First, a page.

Nearly a year after the Extraordinary Chambers in the Courts of Cambodia charged former Khmer Rouge official Ao An, better known by his revolutionary alias Ta An, with crimes against humanity, the tribunal on Monday heaped a slew of new charges on the aging suspect, including genocide.
Ta An, 83, was charged by International Co-Investigating Judge Michael Bohlander with committing genocide against Cham Muslims, along with crimes against humanity at a wide range of sites during his tenure as deputy secretary of the Central Zone of Democratic Kampuchea.
The alleged crimes against humanity include the persecution of former Lon Nol soldiers and Khmer Rouge cadre and their families in the central and east zones. He also stands accused of other “inhumane acts,” including forced marriage, rape and enforced disappearances.
The latest charges will be added to already-laid charges of premeditated homicide and crimes against humanity including murder, extermination, and persecution on political and religious grounds.
The sites where the crimes were allegedly committed include Kompong Cham province’s Wat Au Trakon security center, where about 30,000 people are thought to have perished. The pagoda has been a common topic in the segment of Case 002 relating to the alleged genocide of Cham Muslims and ethnic Vietnamese, with many witnesses testifying during the ongoing trial of Nuon Chea and Khieu Samphan about mass executions there.
Ta An is the third mid-ranking official to be charged with genocide in the government-opposed cases 003 and 004. Meas Muth, the commander of the regime’s navy, and Ta Tith, the former acting secretary of the Northwest Zone, were charged with genocide in December.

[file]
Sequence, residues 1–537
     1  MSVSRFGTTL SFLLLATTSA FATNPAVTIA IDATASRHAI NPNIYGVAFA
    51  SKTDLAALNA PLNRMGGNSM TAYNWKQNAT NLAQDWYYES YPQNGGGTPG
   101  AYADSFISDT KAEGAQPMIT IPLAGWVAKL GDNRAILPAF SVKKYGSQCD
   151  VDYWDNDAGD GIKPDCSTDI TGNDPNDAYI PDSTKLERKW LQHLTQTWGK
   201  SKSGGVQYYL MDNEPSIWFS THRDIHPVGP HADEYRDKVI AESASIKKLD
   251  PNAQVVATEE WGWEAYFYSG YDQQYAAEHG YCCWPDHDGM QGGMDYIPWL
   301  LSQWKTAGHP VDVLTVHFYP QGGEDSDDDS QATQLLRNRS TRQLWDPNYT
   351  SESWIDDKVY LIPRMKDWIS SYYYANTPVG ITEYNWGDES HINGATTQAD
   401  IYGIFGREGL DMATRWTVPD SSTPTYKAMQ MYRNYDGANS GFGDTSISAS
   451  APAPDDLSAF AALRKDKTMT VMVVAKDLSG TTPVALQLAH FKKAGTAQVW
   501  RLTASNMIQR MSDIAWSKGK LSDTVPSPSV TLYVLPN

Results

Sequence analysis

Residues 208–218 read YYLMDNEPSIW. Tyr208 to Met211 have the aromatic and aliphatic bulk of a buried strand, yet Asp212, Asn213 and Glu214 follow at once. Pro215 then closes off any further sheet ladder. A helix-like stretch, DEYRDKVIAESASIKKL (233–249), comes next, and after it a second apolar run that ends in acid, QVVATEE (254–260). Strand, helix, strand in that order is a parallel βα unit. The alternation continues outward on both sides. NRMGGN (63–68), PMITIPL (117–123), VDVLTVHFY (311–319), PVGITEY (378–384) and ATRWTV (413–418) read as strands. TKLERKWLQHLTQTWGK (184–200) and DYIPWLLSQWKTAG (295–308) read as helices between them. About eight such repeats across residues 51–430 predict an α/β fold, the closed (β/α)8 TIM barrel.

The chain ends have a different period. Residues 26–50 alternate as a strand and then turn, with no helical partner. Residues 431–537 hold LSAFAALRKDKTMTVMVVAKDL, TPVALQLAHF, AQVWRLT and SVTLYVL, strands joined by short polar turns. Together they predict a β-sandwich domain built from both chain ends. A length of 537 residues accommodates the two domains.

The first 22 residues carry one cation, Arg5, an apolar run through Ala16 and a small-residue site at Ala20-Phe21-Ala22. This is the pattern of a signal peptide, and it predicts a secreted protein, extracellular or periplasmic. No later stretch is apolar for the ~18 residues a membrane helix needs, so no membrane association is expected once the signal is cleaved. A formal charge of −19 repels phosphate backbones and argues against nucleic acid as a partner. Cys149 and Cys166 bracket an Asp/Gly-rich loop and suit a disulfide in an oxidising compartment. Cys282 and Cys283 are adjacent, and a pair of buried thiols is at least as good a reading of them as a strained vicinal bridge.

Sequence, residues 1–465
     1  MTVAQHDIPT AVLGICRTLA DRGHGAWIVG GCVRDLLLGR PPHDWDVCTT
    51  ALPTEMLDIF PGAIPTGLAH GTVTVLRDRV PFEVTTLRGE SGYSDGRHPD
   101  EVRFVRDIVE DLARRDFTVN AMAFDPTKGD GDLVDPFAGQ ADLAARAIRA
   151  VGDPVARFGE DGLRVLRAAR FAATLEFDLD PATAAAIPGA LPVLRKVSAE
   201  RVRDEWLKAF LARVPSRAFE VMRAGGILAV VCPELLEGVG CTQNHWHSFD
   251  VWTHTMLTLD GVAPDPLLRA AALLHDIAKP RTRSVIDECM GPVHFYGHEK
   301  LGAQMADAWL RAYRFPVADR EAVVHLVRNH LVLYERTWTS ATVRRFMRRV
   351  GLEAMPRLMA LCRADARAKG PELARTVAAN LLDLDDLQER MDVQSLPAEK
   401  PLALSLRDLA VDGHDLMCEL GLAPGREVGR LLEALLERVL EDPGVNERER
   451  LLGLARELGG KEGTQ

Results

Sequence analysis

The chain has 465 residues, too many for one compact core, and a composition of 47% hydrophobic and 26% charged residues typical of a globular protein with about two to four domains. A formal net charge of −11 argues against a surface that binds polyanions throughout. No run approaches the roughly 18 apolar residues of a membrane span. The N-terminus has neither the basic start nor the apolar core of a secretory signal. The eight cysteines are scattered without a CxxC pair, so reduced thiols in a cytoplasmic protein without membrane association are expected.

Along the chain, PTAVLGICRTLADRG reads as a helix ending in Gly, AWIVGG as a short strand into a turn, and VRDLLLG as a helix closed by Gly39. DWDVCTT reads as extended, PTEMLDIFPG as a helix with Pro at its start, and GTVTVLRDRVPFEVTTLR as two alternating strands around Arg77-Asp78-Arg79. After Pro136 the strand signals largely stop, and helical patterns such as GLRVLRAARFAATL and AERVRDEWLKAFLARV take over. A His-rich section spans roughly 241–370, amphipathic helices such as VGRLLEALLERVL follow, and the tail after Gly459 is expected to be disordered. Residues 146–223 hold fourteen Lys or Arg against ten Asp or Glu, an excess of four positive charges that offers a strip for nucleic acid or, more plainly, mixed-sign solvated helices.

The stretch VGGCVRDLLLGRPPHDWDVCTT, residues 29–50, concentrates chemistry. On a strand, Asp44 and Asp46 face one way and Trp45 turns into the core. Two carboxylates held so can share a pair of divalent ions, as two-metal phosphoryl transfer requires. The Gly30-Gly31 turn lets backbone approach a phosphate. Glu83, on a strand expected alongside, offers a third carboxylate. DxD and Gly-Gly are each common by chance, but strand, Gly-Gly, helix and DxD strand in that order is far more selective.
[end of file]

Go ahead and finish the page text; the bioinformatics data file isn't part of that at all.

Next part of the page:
Ta An, who lives in Battambang province, waived his right to be present at Monday’s hearing and was represented in court by his lawyers, according to Lars Olsen, a spokesman for the tribunal.
Richard Rogers, a lawyer for Ta An, said he had been expecting the new charges against his client, but was surprised by how extensive they were.
“We were surprised because we don’t think the evidence supports [the genocide] charge, but we weren’t surprised just in terms of predictability, because some of the others accused in the case have also been charged with that, so we think this follows a pattern in charging genocide,” Mr. Rogers said.
The British lawyer said his elderly client was “very stressed” about the accusations against him.
“He seems to be stable at the moment, but, with anyone of that age, things can change very quickly. We visited him on Friday to talk about the hearing and what may happen, and he seemed stable,” he said.
“I think he’s very stressed, as anyone would be when they feel like they are not culpable for the allegations against them.”